Spring is here, regardless of the fact that it is snowing in the D.C.
KB Throws A Curve
Bruce Karatz, 59, has a well-earned reputation as a management innovator. He's led Los Angeles-based KB Home as CEO for 19 years, presiding over the firm's ascent from a regional home building power — active only in five western states as recently as 1994 — to a national behemoth with 31,646 closings in 36 major markets a decade later.
Bruce Karatz, 59, has a well-earned reputation as a management innovator. He's led Los Angeles-based KB Home as CEO for 19 years, presiding over the firm's ascent from a regional home building power — active only in five western states as recently as 1994 — to a national behemoth with 31,646 closings in 36 major markets a decade later. Competitors have learned to expect the unexpected from Karatz. With his latest move, he certainly did not disappoint them.
Bye Bye, KB Home Mortgage
Forty years ago, KB (then Kaufman and Broad) shocked the housing world by becoming the first builder to launch its own in-house mortgage subsidiary. On June 30 this year, Karatz loosed another lightning bolt — announcing that KB Home will sell its mortgage subsidiary, KB Home Mortgage, to Countrywide Financial Corp., the country's largest mortgage lender. Those two firms are now planning to form a 50-50 joint venture specifically to make residential loans to KB Home customers.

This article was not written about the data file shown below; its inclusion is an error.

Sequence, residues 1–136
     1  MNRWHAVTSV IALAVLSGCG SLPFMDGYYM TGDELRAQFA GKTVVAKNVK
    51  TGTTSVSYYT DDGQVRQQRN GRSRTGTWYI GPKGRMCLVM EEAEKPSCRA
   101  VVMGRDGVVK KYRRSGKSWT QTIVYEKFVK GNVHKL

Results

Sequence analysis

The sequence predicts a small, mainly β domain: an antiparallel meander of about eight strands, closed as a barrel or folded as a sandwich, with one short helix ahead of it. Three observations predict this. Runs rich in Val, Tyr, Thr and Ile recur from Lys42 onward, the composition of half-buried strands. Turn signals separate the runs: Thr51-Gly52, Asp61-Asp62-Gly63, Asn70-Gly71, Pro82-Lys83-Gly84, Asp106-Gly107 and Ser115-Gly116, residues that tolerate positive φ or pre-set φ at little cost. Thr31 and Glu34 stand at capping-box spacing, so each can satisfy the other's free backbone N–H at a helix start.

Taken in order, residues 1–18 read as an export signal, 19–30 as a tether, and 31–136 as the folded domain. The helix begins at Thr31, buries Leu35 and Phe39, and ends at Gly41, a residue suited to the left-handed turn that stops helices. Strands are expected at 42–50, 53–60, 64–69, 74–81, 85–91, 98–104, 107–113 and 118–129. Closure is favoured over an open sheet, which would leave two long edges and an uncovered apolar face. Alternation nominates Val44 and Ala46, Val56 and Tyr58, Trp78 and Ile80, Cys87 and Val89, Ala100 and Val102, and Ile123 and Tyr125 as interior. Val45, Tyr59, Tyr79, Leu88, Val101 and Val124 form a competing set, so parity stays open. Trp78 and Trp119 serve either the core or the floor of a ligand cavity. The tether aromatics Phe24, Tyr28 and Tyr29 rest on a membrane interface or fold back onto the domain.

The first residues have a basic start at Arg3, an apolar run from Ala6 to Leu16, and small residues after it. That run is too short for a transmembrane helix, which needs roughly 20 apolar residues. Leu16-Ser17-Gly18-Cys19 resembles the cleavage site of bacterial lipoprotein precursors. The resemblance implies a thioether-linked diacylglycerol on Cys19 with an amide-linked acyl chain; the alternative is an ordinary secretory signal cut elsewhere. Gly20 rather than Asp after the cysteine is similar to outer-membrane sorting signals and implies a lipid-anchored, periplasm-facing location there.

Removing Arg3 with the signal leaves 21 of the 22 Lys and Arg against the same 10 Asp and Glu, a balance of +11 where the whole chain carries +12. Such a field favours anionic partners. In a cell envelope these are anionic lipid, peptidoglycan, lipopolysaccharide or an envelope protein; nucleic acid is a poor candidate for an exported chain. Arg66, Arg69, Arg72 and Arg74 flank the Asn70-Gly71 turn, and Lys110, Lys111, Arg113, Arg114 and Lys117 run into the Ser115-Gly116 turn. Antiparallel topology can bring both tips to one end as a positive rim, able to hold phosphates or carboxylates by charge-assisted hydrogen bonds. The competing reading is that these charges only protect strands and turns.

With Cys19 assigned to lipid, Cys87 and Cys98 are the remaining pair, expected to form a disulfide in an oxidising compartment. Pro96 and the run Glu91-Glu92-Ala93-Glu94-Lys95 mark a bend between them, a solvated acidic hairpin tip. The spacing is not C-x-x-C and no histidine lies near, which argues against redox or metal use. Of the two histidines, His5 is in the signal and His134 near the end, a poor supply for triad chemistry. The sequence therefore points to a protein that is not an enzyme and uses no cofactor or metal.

The shock waves are already rolling across the industry, as housing analysts and competitors try to fathom whether Karatz's move will trigger other Giants to follow his lead by divesting their own mortgage lending operations.
Karatz seems hardly able to contain his mirth at the consternation he has caused. But make no mistake, this was no isolated event, but rather just a pawn in a unified offensive strategy aimed at maneuvering KB closer to the top of housing's leader board. Karatz has been working on his plan for a new KB for half a dozen years, and the changes are now becoming a lot more obvious.
Why does Karatz want out of the mortgage business?